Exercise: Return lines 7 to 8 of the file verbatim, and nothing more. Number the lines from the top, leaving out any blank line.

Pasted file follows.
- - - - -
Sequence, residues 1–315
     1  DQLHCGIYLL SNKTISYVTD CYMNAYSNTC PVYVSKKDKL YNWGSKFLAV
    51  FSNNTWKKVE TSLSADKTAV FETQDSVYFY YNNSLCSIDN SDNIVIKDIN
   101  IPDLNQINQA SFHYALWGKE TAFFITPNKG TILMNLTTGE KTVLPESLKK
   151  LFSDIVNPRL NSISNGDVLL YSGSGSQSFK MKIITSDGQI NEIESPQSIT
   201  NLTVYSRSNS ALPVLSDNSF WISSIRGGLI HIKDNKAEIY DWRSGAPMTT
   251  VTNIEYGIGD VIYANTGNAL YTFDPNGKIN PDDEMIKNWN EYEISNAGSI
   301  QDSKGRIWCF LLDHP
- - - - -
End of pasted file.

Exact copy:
   251  VTNIEYGIGD VIYANTGNAL YTFDPNGKIN PDDEMIKNWN EYEISNAGSI
   301  QDSKGRIWCF LLDHP